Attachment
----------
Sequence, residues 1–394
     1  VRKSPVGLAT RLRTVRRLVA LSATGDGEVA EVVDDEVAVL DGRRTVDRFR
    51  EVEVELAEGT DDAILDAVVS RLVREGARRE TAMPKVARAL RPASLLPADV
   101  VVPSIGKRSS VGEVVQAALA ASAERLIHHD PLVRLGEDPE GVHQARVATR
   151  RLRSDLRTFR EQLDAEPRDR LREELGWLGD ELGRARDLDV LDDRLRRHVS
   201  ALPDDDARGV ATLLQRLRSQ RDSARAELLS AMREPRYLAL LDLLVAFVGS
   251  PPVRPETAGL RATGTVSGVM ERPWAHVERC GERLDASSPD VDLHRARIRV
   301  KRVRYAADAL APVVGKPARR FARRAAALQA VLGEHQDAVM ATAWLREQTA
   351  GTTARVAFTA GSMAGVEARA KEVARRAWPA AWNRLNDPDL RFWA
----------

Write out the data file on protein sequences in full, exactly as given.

Sequence, residues 1–394
     1  VRKSPVGLAT RLRTVRRLVA LSATGDGEVA EVVDDEVAVL DGRRTVDRFR
    51  EVEVELAEGT DDAILDAVVS RLVREGARRE TAMPKVARAL RPASLLPADV
   101  VVPSIGKRSS VGEVVQAALA ASAERLIHHD PLVRLGEDPE GVHQARVATR
   151  RLRSDLRTFR EQLDAEPRDR LREELGWLGD ELGRARDLDV LDDRLRRHVS
   201  ALPDDDARGV ATLLQRLRSQ RDSARAELLS AMREPRYLAL LDLLVAFVGS
   251  PPVRPETAGL RATGTVSGVM ERPWAHVERC GERLDASSPD VDLHRARIRV
   301  KRVRYAADAL APVVGKPARR FARRAAALQA VLGEHQDAVM ATAWLREQTA
   351  GTTARVAFTA GSMAGVEARA KEVARRAWPA AWNRLNDPDL RFWA